When every day is the same, is it like living only one day? Then, why not live 10 days as a North Korean? With this spirit we boarded a plane to Pyongyang.
Editor’s note: Just yesterday North Korea detonated a new hydrogen bomb in his territory. The NYT reported: “The assertion, if true, would dramatically escalate the nuclear challenge from one of the world’s most isolated and dangerous states.”
While entering the plane I pick up the Pyongyang Times. The title reports “Kim Jong Un Inspects new pharmaceutical industry”. A big picture shows Kim cheerfully inspecting. Shortly after I find out that it is forbidden to disrespect images of the leader. The newspaper shall not be bended, folded nor rolled. It shall not be disposed of in a trash bin. After landing I find myself holding the newspaper with the fingertips from the corners. Hoping to dodge any sanction. Functioning as a human billboard of the regime.
At the Pyongyang airport we meet our guide, Mr Kang. It is not allowed for tourists to roam the country without the supervision of government officials. “It’s for your safety” says Mister Kang with a big smile. More rules are explained while we are shuttled to the hotel. It’s not allowed to call North Korea “North Korea”, the correct name is “Democratic People’s Republic of North Korea” or “DPRK”. The citizens of DPRK are a bit shy and not used to be photographed, so it’s better to ask for a permission. It is disrespectful to take a picture that only contains a part of leader’s figure.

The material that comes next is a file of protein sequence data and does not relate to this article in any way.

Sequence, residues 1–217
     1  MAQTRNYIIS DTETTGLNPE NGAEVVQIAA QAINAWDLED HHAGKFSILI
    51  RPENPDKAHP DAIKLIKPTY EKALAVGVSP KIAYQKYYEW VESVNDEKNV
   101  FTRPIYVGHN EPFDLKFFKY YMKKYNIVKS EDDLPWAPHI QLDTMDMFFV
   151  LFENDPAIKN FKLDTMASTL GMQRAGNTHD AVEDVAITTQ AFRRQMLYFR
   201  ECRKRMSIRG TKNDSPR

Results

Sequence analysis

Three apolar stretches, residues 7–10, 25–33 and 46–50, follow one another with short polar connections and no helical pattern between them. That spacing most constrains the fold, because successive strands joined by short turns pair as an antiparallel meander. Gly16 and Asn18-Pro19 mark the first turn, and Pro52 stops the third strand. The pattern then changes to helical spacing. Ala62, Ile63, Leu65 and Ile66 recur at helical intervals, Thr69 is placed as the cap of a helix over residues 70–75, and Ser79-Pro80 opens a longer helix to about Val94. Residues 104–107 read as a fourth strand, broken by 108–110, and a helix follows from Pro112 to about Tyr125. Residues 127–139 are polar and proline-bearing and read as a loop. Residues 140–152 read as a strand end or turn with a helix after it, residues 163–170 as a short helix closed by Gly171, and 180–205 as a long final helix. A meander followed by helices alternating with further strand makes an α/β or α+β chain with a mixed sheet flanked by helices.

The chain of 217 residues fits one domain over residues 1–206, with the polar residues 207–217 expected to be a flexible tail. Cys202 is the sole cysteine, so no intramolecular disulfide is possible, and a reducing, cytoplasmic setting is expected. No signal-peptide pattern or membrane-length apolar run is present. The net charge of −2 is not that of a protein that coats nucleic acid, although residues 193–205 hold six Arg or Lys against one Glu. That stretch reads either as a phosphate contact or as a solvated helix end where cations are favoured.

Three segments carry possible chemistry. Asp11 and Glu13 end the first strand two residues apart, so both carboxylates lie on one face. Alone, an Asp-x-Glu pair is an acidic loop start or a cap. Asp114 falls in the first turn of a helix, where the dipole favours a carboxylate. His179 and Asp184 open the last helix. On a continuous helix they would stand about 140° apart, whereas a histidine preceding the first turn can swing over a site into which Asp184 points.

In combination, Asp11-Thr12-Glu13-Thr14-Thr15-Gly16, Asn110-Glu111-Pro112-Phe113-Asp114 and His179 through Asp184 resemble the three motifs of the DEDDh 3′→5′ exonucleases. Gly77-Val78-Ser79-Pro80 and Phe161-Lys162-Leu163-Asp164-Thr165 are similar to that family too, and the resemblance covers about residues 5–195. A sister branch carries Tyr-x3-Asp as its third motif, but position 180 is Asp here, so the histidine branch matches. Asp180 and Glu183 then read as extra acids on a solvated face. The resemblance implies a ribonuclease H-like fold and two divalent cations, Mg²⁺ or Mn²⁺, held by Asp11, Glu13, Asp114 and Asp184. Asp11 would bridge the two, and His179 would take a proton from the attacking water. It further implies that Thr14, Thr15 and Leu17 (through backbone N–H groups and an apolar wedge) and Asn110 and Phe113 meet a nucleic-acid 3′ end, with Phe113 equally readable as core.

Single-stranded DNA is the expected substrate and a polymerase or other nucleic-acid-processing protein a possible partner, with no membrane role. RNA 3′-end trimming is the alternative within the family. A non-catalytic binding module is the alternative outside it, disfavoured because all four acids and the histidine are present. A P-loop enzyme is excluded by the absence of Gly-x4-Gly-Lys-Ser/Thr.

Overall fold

The day after the arrival, entering the Hotel bookshop I meet another tourist holding a copy of the Pyongyang Times. The title reports “Marshall Kim Jong Un Inspects …”.
Me: “I got that newspaper on the plane”
Paul: “No, look! Today Ping Pong Pung is inspecting a school, brilliant!”
It turns out that Kim inspects a lot everyday. And most of the times it makes it to the front page.
We look at the shelves and realize that all the books mention the leaders on the cover, except for one: “Let us learn Korean!”.
We take a look at the first section curious to learn some useful basics: Yes (ye), No (aniyo), Excuse me (mianhamnida), I wish the dear leader Comrade Kim Jong Il long life in good health! (chinaehanun chidoja Kim Jong Il dongjiui mansumugangul samga chukwonhamnida!)
Me: “Well that escalated quickly. Wait a second! Kim Jong Il is already dead!”
Every day we follow the trip schedule. It soon becomes evident that everything is about glorification of the leaders. The museum of war is actually the museum of the leader during the war. The film studios are about the the leaders’ ideals. The theme parks are about how much the leaders love the people. The flower exhibition is about the flowers named after the leaders, Kim-jong-ilia and Kim-il-sungia. The International Friendship Exhibition is a huge collection of presents given to the leaders. The farmer’s hut where the first leader was born is about how much the leader is one of us.
Even natural sites like waterfalls or holy mountains or lakes are about the leader’s passage at the location: where the leader stood to take a picture, what the leader said there, the exact path the leader took while inspecting, where the unlucky duck was sitting that was shot by the leader from the distance with infallible aim.
Episode 2 – Coming out tomorrow on Positive Magazine